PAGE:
Glorious sunny morning after hurricane rains, we had breakfast guests Salvador (Xalic), Maruch, and her adopted son Marión join us for tortillas españolas, biscuits with marmalade, plum sauce and coffee. Ambar and Teofila, who helps every Tuesday, Thursday and Saturday, creates these delectable foods from scratch over the stove and hearth. The tart plum sauce is handmade by mashing ciruelas from the orchard outside and heated slowly and strained, during which we have conversations and get to know each other.

Our Mayan friends are from Chamula, among best friends of Ambar…and the conversation dominates in Tzotzil. The Mesoamerican languages are surprisingly like Chinese in the sense that each word has only one syllable, and the ancient writing system is based on pictograph characters. However, the complexity lies in all the suffix and prefixes one can add, so now I’m only learning neutral abstract nouns. So vajh‘ is tortilla, for instance, but ‘my tortilla’ is another word and so is ‘your tortilla’ and ‘his tortilla.’ I’ve learned the basics: milio’yut is hello (is that you?) ; tame’shibot is goodbye (I’m going now) ; hech is yes ; ta’na is sure ; avo’kuluk is please ; lek is good.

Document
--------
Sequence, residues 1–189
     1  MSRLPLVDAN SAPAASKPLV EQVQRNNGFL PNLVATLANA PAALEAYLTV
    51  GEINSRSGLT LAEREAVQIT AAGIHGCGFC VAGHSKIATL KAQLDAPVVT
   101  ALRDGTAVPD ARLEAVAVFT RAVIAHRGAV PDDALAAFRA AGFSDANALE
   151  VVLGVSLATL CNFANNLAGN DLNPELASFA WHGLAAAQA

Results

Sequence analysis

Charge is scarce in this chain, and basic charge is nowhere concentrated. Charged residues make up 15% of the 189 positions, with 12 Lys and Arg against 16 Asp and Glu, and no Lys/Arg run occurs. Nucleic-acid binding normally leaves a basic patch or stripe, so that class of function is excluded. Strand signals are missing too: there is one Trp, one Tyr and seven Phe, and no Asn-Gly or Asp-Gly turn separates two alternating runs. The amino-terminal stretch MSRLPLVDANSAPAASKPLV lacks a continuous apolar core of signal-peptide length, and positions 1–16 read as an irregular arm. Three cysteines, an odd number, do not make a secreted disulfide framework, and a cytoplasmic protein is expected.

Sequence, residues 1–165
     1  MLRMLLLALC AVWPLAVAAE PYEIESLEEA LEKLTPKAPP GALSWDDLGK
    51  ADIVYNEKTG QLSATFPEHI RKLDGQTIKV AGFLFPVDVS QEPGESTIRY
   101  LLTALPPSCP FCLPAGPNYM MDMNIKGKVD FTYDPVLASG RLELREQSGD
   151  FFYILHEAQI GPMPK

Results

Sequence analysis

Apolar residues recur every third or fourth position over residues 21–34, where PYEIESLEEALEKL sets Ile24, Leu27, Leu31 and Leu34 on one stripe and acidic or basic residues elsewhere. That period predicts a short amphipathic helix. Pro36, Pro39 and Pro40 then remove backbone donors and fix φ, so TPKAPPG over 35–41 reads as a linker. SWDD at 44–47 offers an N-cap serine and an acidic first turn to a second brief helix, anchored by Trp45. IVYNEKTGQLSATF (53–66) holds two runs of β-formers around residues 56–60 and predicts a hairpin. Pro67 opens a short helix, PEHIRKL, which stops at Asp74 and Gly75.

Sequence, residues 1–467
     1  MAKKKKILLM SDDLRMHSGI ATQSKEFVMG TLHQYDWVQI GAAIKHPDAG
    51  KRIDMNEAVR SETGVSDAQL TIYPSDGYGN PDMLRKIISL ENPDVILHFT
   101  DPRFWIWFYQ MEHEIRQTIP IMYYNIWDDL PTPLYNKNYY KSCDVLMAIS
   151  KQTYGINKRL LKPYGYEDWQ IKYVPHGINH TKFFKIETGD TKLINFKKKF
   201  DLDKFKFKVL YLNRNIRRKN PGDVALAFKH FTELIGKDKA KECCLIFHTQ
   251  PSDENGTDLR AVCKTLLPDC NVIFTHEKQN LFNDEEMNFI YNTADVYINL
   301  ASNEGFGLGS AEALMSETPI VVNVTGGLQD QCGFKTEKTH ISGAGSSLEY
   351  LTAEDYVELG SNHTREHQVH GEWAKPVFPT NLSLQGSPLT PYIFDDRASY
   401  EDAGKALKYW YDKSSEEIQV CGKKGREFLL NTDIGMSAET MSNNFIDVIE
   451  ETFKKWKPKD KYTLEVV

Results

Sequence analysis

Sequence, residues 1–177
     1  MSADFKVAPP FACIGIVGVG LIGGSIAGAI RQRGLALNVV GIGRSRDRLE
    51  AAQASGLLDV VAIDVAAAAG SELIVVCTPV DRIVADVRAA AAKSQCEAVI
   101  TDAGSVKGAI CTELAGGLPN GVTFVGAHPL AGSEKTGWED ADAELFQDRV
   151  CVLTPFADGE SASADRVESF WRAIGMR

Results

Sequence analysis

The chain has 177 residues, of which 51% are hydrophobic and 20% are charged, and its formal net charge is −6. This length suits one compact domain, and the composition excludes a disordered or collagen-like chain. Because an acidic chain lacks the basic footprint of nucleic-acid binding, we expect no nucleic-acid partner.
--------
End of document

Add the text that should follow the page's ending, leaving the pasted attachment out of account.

Since a week has passed, Spanish comes naturally to me almost like a native language, and I have a few skills which people seem to really need. (Like, translating Chinese instructions into Spanish.)

Where they cannot pay me, I am repaid in personally accompanied trips to indigenous communities in the surrounding areas, new friendships, and delicious homemade foods. I am well cared for. In fact, I prefer these enriching experiences more than money, because my life is already privileged in the sense of affluence, and now to able to be welcomed into their communities, to get to know these people on a friendship level and be trusted, to contrast the rich and the poor, the scientists and the artists, to be able to have yet another cultural point of reference, to learn how native ingredients are prepared here, how Mayan people use their surrounding material, is what makes it so invaluable. And it wouldn’t be the same if I did not already have personal experiences in Africa, Asia and South America to better appreciate how rich this is now.

Spanish Word of the Day: Expressing something awesome.

“Qué chulo” – Sweet. Nice. Use when something strikes you as beautiful, lovely, or aesthetic
“Qué padre” – Cool. A casual way of approval, use “padrísimo” for awesome.
“Qué chido” – Frikkin’ tight or hella awesome. Ultimate approval, when you think something is da bomb.

Ways to say “cool” outside of México:
¡Qué flipe! ¡Qué bakán! ¡Dabuten! ¡Fantástico! ¡Estupendo! ¡Fenomenal! ¡Qué pasada! ¡Se sale! ¡Que guay! ¡Chachi! ¡Mola! ¡Genial!